There are four resolution standards, with six different rates for transmission. The first, 480i, has 480 alternating (interlaced) lines transmitted in sequence every 1/60 of a second. For 480p, “p” for progressive, all lines are sent at the same time. The resolution moves up to 720p and 1080i. For HD DVD and Blu-ray, most content is recorded at 1080p/24, which is progressive, but it has the same number of pixels as 1080i. The “24” means 24 frames per second, as opposed to the 30 or 60 of television broadcasts. Film (as in movies) is almost always shot at 24 fps. Because no TV will display 24 fps at 24 fps, the player and/or television (depending on make and model of each) will need to convert the signal to the display’s native resolution and frame rate. They can do this by either adding a 3:2 sequence or by changing their refresh rate to a multiple of 24 (such as 72 or 96). For more information on this, check out our November 2006 and June 2007 GearWorks, also online.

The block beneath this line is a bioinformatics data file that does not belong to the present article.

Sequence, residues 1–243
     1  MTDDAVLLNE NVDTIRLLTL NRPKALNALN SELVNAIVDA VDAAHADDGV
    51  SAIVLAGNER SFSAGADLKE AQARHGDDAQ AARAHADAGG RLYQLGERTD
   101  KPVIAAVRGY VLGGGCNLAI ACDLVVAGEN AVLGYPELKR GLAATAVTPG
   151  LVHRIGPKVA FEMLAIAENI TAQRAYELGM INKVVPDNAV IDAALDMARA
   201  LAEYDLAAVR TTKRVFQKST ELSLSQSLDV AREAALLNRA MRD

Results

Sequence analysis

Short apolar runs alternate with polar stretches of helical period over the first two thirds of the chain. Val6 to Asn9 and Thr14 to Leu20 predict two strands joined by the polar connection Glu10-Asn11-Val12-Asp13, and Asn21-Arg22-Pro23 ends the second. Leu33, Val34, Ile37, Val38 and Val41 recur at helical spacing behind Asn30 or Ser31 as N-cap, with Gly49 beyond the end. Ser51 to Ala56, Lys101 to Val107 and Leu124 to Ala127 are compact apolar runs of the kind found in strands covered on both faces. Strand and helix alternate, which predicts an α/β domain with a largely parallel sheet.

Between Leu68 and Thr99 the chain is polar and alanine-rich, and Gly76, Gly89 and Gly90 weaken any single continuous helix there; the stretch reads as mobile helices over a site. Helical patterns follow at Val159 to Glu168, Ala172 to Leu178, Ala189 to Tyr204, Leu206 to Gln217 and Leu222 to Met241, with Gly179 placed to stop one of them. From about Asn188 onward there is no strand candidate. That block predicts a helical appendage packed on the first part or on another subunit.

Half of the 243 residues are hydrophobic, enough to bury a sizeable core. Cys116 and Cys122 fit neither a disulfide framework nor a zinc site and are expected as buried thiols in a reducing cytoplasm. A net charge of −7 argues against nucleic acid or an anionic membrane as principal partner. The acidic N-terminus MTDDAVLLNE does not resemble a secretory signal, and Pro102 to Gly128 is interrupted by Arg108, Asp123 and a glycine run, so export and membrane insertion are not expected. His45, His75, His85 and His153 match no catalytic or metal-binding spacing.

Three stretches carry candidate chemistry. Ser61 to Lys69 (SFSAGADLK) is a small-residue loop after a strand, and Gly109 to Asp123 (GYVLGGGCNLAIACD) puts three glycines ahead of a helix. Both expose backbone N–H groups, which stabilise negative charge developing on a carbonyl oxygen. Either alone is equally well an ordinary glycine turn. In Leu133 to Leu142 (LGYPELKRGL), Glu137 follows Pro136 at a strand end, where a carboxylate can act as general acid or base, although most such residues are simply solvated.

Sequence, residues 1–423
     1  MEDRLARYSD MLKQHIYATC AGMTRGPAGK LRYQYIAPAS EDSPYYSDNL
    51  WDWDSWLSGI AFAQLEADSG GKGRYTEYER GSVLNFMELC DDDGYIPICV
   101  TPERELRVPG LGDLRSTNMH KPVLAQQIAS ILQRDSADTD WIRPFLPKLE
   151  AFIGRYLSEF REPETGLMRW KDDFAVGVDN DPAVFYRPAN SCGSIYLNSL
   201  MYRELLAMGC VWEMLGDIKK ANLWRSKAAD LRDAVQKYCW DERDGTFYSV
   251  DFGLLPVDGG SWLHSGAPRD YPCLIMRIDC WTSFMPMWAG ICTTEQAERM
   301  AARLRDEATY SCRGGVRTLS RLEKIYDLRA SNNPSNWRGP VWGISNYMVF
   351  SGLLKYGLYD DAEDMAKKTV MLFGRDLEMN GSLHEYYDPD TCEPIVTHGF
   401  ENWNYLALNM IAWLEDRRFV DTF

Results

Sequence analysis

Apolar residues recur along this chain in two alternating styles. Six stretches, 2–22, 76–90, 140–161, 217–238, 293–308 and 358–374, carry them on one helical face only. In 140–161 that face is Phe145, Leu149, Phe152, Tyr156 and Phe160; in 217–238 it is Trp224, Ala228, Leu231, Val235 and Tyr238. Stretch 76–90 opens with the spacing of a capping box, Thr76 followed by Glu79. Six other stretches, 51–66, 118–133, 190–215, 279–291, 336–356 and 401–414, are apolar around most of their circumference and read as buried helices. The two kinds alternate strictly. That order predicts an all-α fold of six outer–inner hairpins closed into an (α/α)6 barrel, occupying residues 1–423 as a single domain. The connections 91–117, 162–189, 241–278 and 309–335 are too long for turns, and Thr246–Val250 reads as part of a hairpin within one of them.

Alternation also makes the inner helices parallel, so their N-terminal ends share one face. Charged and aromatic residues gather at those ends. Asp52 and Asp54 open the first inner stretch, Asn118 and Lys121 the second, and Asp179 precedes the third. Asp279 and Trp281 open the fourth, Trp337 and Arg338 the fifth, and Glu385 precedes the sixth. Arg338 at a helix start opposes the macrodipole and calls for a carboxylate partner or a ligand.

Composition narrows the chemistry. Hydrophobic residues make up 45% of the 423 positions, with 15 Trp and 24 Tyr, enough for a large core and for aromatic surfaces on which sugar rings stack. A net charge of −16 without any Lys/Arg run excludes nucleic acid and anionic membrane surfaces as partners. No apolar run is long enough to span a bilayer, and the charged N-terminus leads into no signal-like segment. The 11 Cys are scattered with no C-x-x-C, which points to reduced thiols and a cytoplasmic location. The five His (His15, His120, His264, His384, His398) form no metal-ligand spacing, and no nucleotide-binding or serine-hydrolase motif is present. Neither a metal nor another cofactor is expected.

There is no industry standard regarding the native resolution for televisions. In fact, new display resolutions continue to appear, such as Sony’s 11-inch OLED TV. It has a native resolution of 960 by 450. Most, but not all of the LCD flat panels today are either 1,365 by 768p or 1,920 by 1080p. Plasmas (except Hitachi, which produces interlaced displays) are 1,024 by 768p, 1,365 by 768p, or 1,920 by 1080p. The signal processor inside every HDTV has to take the input signal and change it to the display’s native resolution with minimal degradation and anomalies (called artifacts). The processor also needs to compensate for the motion picture film native frame rate of 24 fps. Most displays refresh at 60 hertz (except for a few, like Pioneer’s KURO line of plasma HDTVs; they can also refresh at 72 Hz, exactly triple 24 Hz). A handful of LCD flat panels and some of the latest Sony rear projectors allow you to choose a refresh rate of 120 Hz.